This is the first of regular contributions by Rear Admiral (Retired) Ed Gilbert, one of the most experienced and knowledgeable experts on maritime security, who is president of Gilbert Associates and a frequent commentator on the challenges facing the US Coast Guard today.
The pressing need to modernize U.S. Coast Guard long-range assets has been discussed frequently in many different venues. But there has been less focus on the key issues of the other assets, which the USCG needs to modernize. Indeed, the USCG as an integrated force providing of US and global maritime security faces many modernization challenges which, in spite of controversy, need to be accomplished to ensure the safety and security of Americans, friends and partners.
Shorter-range coastal assets need modernization, and this article discusses a program that’s doing just that. Most see the Coast Guard operating in the coastal regions executing several missions and interacting with the maritime public, especially recreational boaters. More than 90% of all search and rescue incidents happen less than 20 miles from the U.S. coast plus there are many other Coast Guard missions to be executed in close-in waters and waterways. These include: safety, law enforcement, security, drug and migrant interdiction, protection for living marine resources, environmental protection, defense operations, and others.
For many years, the Coast Guard’s 41-foot utility boat, which is being replaced, has been a workhorse boat for these missions. On June 21, 2006, the Coast Guard awarded the RB-M contract to Marinette Marine Corporation (MMC) who is partnered with Kvichak Marine Industries (KMI). Construction began in July 2007 at KMI in Kent, Washington. A second production line was opened in Wisconsin in September 2008. Opening of the second production line was made possible by an added $36 million in the 2008 Consolidated Appropriations Act.
During the next decade, the RB-M Acquisition Project plans to acquire approximately 180 boats with the logistics infrastructure necessary to support them. More than just acquiring new boats, the RB-M contract requires delivery of a response boat system providing an integrated logistics package to support the delivered boats. This includes an interactive web-based system that provides detailed drawings of the boat, complete parts lists, a maintenance planning and tracking system, as well as all applicable manufacturers technical documentation for equipment installed on the boats. The initial cost per boat is about $2 million.
Incorporating inputs from operational commanders and experienced boat users in developing a more capable platform has driven the Project’s approach. During the design process, multiple skilled operators from the existing small boat community were included in design reviews providing an opportunity to hear firsthand what works, what doesn’t, and where the field operator felt there was the most room for improvement.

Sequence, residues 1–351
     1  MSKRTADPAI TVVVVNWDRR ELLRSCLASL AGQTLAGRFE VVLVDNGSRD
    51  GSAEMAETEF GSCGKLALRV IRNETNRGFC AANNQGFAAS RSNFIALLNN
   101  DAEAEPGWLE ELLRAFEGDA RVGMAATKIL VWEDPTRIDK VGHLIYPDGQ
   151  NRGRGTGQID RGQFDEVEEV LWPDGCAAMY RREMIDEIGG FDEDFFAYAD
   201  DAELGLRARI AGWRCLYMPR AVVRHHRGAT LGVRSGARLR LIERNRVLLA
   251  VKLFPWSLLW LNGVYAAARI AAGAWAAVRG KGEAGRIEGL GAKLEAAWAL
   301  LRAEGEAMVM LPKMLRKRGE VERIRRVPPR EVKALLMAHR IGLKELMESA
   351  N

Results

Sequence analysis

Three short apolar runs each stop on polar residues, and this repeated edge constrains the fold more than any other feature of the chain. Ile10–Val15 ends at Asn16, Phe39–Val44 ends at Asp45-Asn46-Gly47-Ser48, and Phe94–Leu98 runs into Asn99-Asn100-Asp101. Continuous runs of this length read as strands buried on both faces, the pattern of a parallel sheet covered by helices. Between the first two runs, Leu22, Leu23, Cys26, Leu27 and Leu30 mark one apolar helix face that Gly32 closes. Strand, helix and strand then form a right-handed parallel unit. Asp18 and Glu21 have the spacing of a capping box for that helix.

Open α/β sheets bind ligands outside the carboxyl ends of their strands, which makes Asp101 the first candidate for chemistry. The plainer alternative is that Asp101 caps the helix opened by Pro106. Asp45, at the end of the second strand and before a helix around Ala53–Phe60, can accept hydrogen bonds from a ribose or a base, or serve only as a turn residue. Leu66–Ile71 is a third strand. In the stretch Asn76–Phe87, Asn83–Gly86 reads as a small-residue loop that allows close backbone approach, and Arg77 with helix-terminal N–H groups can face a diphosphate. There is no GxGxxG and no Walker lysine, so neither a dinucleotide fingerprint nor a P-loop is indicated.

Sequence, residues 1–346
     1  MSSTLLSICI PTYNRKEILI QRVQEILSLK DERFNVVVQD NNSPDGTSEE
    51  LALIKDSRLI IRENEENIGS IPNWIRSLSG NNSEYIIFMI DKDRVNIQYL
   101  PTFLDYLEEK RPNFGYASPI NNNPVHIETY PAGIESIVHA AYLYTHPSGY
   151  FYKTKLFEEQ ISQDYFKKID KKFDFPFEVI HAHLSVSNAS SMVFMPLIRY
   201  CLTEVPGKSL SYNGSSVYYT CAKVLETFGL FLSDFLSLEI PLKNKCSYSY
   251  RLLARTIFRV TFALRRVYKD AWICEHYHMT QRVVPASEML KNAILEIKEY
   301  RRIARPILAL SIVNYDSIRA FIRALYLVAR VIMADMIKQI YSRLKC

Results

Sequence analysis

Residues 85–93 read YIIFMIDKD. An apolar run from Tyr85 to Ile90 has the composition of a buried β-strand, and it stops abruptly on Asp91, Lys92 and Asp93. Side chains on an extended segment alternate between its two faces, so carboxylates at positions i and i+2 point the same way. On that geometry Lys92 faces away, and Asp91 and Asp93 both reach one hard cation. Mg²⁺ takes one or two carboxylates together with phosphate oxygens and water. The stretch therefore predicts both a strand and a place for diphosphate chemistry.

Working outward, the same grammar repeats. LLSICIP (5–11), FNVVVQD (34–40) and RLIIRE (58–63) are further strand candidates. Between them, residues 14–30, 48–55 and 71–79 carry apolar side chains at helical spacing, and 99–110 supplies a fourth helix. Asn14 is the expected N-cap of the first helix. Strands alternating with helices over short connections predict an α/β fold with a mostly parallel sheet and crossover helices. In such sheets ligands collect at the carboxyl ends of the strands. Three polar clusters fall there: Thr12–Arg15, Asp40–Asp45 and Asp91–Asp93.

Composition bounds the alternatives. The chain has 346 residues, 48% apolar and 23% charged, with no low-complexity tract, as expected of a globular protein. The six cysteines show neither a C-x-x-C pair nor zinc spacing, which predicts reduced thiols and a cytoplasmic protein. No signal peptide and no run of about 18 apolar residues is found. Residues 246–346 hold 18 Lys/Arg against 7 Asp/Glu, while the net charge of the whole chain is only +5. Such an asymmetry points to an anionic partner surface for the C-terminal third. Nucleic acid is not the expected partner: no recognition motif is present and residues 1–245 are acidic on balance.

Capabilities needed for homeland security missions significantly influenced the design which will provide improved mission response. The most visible improvement is in speed going from a top speed of 26 knots with the 41” UTB to a top speed of 42 knots with the RB-M.
While this is the most apparent improvement, in addition the RB-M provides vastly improved navigation and communication capabilities, improved habitability with a climate controlled pilothouse and passenger compartment, shock mitigating seats for the crew, and an overall layout that was specifically designed to improve maintainability as well as operational efficiency through consideration of ergonomic factors.
State-of-the-art marine technology makes the RB-M a high performer with waterjet propulsion, an advanced electrical system, and integrated electronics that allow greater control from the pilot house.
Technological and design features will improve search object tracking, water recovery efforts, crew comfort, and maneuvering/ intercept capabilities for defense operations. With the latest developments in integrated navigation and radiotelephony, command and control will be greatly enhanced, as will crew safety.
The RB-M is designed to use existing facilities and minimize the learning curve to ensure a quick and smooth transition. Life cycle support is part of the design – not just parts support, but all logistics, including training, maintenance, repair, and future upgrades. Equipment was selected for the RB-M based not solely on cost, but on reliability and supportability
In addition, extensive analysis was performed to minimize the training requirements necessary to safely operate and maintain the RB-M, and the design was influenced to minimize the training needs over the 20 year life cycle of the boat.
In short, the modernization of the small boat capabilities for the USCG is part of improvement necessary for the service to perform its duties in providing for maritime security. Modernization of the platforms and of the systems which connect those platforms are crucial for the USCG to perform its concepts of operations in support of homeland and maritime security. This program is part of the solution.
***Posted December 7th, 2009